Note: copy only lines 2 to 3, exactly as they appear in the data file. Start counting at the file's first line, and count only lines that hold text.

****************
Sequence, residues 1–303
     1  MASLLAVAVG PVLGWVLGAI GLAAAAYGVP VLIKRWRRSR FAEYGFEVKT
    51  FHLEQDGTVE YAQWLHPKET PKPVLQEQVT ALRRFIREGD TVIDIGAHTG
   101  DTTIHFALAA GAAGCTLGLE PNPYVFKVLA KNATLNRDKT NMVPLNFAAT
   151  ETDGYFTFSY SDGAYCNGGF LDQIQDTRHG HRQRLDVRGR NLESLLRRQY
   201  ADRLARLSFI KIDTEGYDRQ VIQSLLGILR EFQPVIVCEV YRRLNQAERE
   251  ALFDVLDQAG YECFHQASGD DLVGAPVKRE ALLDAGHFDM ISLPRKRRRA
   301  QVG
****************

     1  MASLLAVAVG PVLGWVLGAI GLAAAAYGVP VLIKRWRRSR FAEYGFEVKT
    51  FHLEQDGTVE YAQWLHPKET PKPVLQEQVT ALRRFIREGD TVIDIGAHTG